The show must go on - Data Protection Compliance in the time of Coronavirus

In the shadow of a national lockdown, a viral pandemic, and with the looming prospect of an economic recession on the horizon, one might be forgiven for thinking that the question of compliance with data protection law would take a back seat for most businesses. Unfortunately, the increasing numbers of employees working from home bring with them a host of privacy and security issues which fall squarely within the purview of the Data Protection Act 2018. Nor do the current circumstances relieve businesses from their compliance obligations to:

  • provide individuals with information about how their personal data is being used;
  • respond to data subject access requests (“DSARs”) and other requests by individuals to exercise their data rights;
  • take appropriate technical and organisational measures to make sure that personal data is stored and processed safely; and
  • comply with the data protection principles.

Whilst the Information Commissioner's Office say it is taking a pragmatic approach to compliance, their stance makes it clear that the outbreak of COVID-19 is no excuse for non- compliance.

Working from home

If you or other members of your team are working from home, it is important to keep your data protection and confidentiality obligations in mind. Home computers and routers are typically regarded as soft targets for hackers, since the average user is unlikely to take the same precautions as a dedicated security team with sensitive commercial data to protect. Security experts have already noticed a spike in hacker activity - much of it targeted at business users. Consider the following suggestions when working from home, to minimise the possibility of data breaches and ransomware attacks.

 1. Restrict employees from emailing confidential material to themselves

Data protection law obliges all businesses to take appropriate technical measures to safeguard personal data. When business laptops are slow due to an unstable connection, or employees are unable to print from their home printer, it can be very tempting simply to transfer documents across to a much faster home computer or personal iPad. Employees must be discouraged from doing so in no uncertain terms.The transfer of confidential material to an unsecured hard drive is an open invitation to an unscrupulous hacker. If an employee works on a document from a home computer that is already infected with a virus, sending it back to their work machine or on to one of their colleagues could spread that infection to the entire business network. Much like COVID-19 itself, employees should practice digital distancing between their personal and professional devices. If the business needs employees to use their own devices, it may be advisable to purchase licences for a well-regarded antivirus package, and allow employees to install it at home.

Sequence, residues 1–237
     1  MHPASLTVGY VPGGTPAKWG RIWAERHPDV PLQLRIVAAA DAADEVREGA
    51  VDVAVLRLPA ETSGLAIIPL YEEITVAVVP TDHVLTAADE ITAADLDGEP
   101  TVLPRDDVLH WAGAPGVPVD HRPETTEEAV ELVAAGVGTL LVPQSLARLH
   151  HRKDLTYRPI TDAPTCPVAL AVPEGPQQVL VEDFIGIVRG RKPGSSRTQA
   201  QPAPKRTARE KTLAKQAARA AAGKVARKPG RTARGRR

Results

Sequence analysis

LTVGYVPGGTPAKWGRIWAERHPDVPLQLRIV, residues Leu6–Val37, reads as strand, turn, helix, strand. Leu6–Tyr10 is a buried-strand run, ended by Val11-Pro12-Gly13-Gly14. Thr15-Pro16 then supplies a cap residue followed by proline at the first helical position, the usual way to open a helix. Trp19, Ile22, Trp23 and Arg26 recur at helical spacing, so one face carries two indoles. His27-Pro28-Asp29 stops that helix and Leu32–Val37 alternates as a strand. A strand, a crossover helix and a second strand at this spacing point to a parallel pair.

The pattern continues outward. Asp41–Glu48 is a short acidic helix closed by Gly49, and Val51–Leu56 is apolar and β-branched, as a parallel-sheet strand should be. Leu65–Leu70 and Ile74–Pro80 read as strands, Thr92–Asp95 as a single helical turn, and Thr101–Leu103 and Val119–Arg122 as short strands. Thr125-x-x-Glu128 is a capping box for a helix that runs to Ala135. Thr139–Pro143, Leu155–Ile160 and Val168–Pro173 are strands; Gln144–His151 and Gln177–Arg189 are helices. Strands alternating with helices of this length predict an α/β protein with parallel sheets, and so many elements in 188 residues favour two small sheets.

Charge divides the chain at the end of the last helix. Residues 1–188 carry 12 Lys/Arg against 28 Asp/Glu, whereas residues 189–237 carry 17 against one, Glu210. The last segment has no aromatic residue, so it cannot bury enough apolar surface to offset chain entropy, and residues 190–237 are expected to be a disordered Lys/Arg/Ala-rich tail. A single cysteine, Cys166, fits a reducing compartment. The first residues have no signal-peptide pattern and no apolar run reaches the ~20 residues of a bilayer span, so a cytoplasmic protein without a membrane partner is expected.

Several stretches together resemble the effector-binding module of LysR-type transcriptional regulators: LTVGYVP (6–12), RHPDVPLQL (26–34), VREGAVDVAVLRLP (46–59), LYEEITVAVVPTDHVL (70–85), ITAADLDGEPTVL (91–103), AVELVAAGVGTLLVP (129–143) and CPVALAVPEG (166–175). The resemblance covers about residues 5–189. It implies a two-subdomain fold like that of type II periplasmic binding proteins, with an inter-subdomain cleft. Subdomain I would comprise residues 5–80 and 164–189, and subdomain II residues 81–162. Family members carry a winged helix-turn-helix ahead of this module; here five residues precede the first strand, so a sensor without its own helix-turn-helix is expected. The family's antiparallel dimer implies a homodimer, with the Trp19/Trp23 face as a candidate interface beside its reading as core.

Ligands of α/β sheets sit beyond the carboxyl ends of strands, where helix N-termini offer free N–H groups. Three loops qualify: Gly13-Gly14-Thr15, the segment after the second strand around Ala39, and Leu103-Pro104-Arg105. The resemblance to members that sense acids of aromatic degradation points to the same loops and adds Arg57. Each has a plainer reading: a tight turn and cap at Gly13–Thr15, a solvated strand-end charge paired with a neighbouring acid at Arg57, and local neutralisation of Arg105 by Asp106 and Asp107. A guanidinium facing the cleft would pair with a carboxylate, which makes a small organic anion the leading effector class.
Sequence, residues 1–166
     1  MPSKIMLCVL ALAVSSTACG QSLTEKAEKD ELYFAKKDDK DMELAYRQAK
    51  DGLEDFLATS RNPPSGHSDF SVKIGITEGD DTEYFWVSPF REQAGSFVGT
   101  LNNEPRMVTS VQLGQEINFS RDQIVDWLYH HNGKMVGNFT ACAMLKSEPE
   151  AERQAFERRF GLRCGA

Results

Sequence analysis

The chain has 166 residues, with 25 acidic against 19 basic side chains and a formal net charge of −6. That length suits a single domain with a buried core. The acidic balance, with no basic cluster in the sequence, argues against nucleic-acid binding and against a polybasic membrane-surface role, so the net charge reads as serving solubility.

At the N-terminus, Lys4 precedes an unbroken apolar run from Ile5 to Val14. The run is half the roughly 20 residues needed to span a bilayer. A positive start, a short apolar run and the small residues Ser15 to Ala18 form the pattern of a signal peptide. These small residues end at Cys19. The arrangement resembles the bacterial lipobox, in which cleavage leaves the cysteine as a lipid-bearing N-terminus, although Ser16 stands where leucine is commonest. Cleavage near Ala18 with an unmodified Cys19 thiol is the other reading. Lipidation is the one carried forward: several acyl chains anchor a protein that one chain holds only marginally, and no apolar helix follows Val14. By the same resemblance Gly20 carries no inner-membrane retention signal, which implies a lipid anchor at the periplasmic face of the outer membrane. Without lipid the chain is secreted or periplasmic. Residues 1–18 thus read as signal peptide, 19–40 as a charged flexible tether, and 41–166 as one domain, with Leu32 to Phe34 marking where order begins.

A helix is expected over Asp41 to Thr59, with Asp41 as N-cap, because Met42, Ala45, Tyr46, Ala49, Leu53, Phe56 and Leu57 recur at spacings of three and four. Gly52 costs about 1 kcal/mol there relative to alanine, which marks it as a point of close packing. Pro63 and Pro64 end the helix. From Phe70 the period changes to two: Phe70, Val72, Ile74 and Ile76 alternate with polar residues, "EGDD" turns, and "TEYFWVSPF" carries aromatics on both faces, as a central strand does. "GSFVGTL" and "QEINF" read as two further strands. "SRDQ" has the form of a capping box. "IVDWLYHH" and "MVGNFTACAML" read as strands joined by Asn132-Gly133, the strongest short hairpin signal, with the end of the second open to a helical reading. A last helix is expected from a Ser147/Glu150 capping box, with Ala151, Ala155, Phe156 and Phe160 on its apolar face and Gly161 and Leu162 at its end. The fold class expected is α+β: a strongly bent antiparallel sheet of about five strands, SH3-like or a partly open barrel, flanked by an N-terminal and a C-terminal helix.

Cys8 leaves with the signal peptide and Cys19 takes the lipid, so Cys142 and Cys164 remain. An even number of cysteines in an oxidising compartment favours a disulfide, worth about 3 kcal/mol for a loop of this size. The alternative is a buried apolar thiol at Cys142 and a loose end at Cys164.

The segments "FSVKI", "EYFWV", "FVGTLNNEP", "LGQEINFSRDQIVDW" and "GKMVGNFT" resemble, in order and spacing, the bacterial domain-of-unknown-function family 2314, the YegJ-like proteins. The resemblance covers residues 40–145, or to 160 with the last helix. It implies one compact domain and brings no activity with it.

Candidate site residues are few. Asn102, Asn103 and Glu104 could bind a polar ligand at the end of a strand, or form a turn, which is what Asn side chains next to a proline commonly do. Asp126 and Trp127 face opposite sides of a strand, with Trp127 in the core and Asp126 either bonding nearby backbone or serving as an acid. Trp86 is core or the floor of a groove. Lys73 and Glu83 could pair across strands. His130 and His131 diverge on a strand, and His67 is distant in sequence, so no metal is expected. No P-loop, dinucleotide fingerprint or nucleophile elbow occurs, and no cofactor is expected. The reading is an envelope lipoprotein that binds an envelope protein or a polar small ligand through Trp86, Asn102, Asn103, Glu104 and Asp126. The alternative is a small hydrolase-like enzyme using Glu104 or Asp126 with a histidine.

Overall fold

2. Secure materials when not in use

Any printouts, handwritten notes or documents left on screen could display personal data to other members of the household. Consider keeping all printed documents in a specific cabinet, and retaining them until such time as they can be securely shredded. Many people now have shredders at home, but if in any doubt about how to dispose of documents, consider encouraging your employees to simply hold on to them and bring them back into the office when the lockdown ends (provided they can keep them secure in the meantime). 

3. Send out training materials

If a data breach does happen, the ICO will want to know what measures were taken to make sure that employees were properly trained in how to manage personal data remotely. Consider sending out training materials about data security, how to recognise phishing attempts, and who to contact if a data breach occurs. Remember that the ICO will hold the employer responsible for the actions of its employees.Back to the top

Responding to data subjects

Data protection law has always advocated a proportionate approach to compliance. In the same way that an SME will not normally be placed under the same compliance burden as a FTSE 100 corporation, the law does not require businesses to put data protection above all else. Whilst any DSARs or other requests submitted by individuals must be dealt with as before, it is not unreasonable to warn them that the process may be delayed. As ever, care should be taken to document the response and decision-making process, and note how COVID-19 has caused it to take longer than it otherwise would. Back to the top

The principles

Where there is any doubt about the extent to which a business must comply with data protection law in this unprecedented time, the data protection principles may be able to provide some guidance. As a reminder, the principles state that personal data must be:

  • processed lawfully, fairly and in a transparent manner;
  • only processed for the purposes it was collected for;
  • only collected and processed where necessary to fulfil those purposes, and not in an excessive way;
  • accurate and kept up to date; and
  • only kept for as long as is necessary.

Complying with the principles above all, and keeping a record of that compliance, will be critical in the event of a dispute regarding data handling, and proving to the ICO (the onus always lies on the organisation, not the ICO) that the business takes privacy just as seriously as ever. Back to the top

If you would like to talk through the consequences for your business, please email us and one of our team will get in touch.


The content of this page is a summary of the law in force at the date of publication and is not exhaustive, nor does it contain definitive advice. Specialist legal advice should be sought in relation to any queries that may arise.